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Cascading Disasters in the Mediterranean: Storm in Lampedusa

800px-Boat_People_at_Sicily_in_the_Mediterranean_SeaLast Friday the Mediterranean areas around Southern Italy experienced a rare “Medicane” event of tropical storm-like conditions. Jeff Master’s explains the science behind these rare weather events, and the likelihood of seeing more of them under a changing climate.

Storms of this nature are just one more stress to the small Italian island that is also a main point of entry to the European Union for migrants and refugees from places like Syria and Eritrea. The voyage from point of origin to the shores of Europe and Italy is no cruise:

In the first half of 2014, over 63,000 migrants arrived at Italy’s shores. Of those attempting to make the deadly journey to Europe, over 3,000 migrants have drowned trying to cross the Mediterranean, according to the International Organization for Migration.

The Italian government created the Operation Mare Nostrum (OMN) to “tackle the dramatic increase of migratory flows during the second half of the year and consequent tragic ship wreckages off the island of Lampedusa.” Despite this program’s successes, it is likely going to be replaced by a less costly EU consortium project. Liz Field reports:

Mare Nostrum — Latin for “our sea” — was launched last October in response to two catastrophic boat incidents that killed over 360 people, mostly Eritreans. It has since saved the lives of tens of thousands of desperate migrants seeking to cross into Europe from North Africa and the Middle East.

The operation is largely credited with saving some 400 lives a day, but at a high cost: roughly 114 million euros ($142 million) per year.

On Friday, Italy’s deputy prime minister and interior minister, Angelino Alfano, announced the government would shelve the costly naval operation. Instead, the EU border agency Frontex will step up to coordinate a new “Triton” border surveillance mission scaled back to a cost of 2.9 million euro ($3.6 million) a month, and restricted to activity within 30 nautical miles off Italy’s coast.

Vice News released a video documentary of the situation worth watching. The confluence of factors driving migration from the Middle East and North Africa (MENA) to Europe, including conflict, economic insecurity, governance gaps, and climatic events, is something that nations in the region and globally are going to have to devote increased attention and resources to, especially as the security of the MENA region continues to be in question, and as climatic patterns continue to change (see NOAA 2011). The combination of dramatic decreases in winter precipitation in the MENA region (and the broader Mediterranean), and the possibility of more frequent tropical storms, will likely not help the situation.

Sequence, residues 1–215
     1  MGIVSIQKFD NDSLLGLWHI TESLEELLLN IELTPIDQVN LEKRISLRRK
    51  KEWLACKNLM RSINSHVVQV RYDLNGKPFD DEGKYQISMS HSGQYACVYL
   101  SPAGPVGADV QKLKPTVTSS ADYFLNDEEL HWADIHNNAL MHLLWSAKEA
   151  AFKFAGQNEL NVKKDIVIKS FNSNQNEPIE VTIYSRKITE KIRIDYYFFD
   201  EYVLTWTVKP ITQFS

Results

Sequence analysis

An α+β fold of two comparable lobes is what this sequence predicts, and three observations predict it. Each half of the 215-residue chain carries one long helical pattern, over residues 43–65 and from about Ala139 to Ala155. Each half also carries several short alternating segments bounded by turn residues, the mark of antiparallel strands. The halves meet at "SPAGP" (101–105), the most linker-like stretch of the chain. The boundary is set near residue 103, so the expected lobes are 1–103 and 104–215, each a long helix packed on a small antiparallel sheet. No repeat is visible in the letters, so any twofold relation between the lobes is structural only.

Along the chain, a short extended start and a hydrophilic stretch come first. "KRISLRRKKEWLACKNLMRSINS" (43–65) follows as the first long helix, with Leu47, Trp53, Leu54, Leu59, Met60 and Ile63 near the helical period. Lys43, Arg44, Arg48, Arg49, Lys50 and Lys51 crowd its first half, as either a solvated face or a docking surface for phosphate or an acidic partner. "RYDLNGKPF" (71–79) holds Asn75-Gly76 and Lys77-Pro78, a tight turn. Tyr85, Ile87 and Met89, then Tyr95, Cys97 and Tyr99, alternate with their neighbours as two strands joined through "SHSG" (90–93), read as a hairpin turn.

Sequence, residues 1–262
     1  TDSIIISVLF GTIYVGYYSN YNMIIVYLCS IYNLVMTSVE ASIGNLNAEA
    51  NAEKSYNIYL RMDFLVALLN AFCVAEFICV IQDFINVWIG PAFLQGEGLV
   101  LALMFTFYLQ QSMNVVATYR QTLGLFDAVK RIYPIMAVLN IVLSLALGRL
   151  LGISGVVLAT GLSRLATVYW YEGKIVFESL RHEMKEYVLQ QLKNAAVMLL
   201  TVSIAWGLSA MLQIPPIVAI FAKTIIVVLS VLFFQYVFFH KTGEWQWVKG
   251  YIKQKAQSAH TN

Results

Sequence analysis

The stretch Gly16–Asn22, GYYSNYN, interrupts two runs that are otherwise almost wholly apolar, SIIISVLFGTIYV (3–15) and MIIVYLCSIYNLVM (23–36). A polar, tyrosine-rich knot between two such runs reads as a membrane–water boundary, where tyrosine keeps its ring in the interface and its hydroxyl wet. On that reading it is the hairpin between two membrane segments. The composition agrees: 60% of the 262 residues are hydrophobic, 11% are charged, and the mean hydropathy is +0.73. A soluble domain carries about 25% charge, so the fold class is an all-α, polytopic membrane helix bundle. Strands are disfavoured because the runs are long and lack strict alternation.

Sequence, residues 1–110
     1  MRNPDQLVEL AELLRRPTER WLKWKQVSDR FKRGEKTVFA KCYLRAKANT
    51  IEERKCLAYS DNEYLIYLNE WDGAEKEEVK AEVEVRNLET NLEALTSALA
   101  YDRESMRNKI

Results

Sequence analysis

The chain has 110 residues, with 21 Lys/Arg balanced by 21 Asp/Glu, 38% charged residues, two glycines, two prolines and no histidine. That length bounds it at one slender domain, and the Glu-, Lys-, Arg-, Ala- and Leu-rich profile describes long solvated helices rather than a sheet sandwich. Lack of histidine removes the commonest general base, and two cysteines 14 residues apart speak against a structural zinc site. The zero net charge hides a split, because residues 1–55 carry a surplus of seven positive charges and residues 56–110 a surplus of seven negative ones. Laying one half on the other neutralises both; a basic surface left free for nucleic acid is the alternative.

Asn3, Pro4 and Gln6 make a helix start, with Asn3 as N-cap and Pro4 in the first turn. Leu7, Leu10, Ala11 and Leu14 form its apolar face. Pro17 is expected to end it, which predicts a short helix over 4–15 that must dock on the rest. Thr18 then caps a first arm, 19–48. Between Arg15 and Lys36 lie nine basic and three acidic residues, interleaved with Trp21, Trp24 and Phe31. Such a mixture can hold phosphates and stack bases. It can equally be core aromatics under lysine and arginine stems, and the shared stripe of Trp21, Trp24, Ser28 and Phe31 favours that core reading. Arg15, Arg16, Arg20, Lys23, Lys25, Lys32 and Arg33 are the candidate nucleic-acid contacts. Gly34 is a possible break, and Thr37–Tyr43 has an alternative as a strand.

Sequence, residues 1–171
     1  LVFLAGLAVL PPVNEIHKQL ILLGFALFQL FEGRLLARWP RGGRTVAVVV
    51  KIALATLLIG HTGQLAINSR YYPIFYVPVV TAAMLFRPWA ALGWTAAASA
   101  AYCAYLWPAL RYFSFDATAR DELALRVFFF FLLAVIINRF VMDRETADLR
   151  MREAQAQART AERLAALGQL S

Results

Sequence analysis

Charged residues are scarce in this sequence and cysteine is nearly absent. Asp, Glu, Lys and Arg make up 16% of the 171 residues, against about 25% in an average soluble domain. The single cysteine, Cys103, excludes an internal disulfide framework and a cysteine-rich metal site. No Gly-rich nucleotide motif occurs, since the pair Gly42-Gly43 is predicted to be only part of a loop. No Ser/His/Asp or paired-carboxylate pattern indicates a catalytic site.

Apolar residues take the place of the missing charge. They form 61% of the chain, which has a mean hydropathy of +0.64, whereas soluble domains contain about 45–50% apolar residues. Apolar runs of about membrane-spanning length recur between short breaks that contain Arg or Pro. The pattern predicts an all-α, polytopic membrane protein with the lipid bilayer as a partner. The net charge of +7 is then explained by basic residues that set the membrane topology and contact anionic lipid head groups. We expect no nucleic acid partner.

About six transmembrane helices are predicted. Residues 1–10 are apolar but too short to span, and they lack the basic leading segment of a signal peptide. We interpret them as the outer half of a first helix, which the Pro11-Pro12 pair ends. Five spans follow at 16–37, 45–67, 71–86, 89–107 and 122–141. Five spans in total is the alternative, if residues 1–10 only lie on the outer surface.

1. Vlad Fomin says:

    Tropical storm in the Mediterranean Sea, in my view, it makes sense to consider jointly with severe infiltration of cold air from the Arctic to the European part of Russia. In fact, by the end of October 2014 in this region Russian air temperature was 10 – 12 degrees below normal for this time of year. Was set fairly steady snow cover. The explanation of these two events – quite simple … As a result, manifestations of “stochastic resonance” in the North Atlantic was (briefly) the conversion of 8-shaped flow: Gulf Stream – Irminger Current – Labrador Current … in two annular flow. Thus there was a weakening power of the North Atlantic Current (as a consequence – the breakthrough of cold air from the Arctic in Russia) and the increase in capacity of the southern ring in the Atlantic, near 20 degrees north latitude (as a consequence – a tropical storm in the Mediterranean Sea). The system of currents in the North Atlantic – is nonlinear; all the necessary conditions for the construction of a mathematical model – is available. I believe that in the near future, the frequency of occurrence of similar events will increase; in this case – will experience an increase in the risk of negative consequences of these climatic changes.

  2. Rachael Schoonover says:

    Thank you for that informational comment, Vlad. I can’t help but wonder how some individuals can still claim that climate change is not an urgent matter when events like this are happening all over the world. It is now too late to reverse the effects of climate change and in the event that these storms will continue happening along with migration, I wonder how humanity will learn to adapt. Perhaps boats will have to take alternative routes or, what if the Mediterranean region were to become a sea that cannot be crossed until the ocean currents change again?

  3. Vlad Fomin says:

    To Rachael Schoonover:
    Unfortunately, I was wrong. The result of “stochastic resonance” was significantly worse than the cold snap in Russia (end of October) and tropical storms in the Mediterranean Sea, floods in France, Italy … Now taking place powerful and abnormal – on time – snowfall in North America are also natural consequences. It seems that the current climate change scenarios, harsher than I expected; is crucial factor in the amount of resources available time. To stabilize the climate in the Northern Hemisphere (approximately at 250 – 300 years), we must create a channel in Canada. Its length – about 70 kilometers; width – 25 meters; depth – 3 meters. The case – quite expensive; need to negotiate with the Government of Canada and, of course, to make the necessary clarification of the channel topology. About five years ago I knew exactly “trajectory” of the channel, but for now – we need new input data for the calculations: there have been many changes. A design error – is unacceptable. Regards, Vlad.

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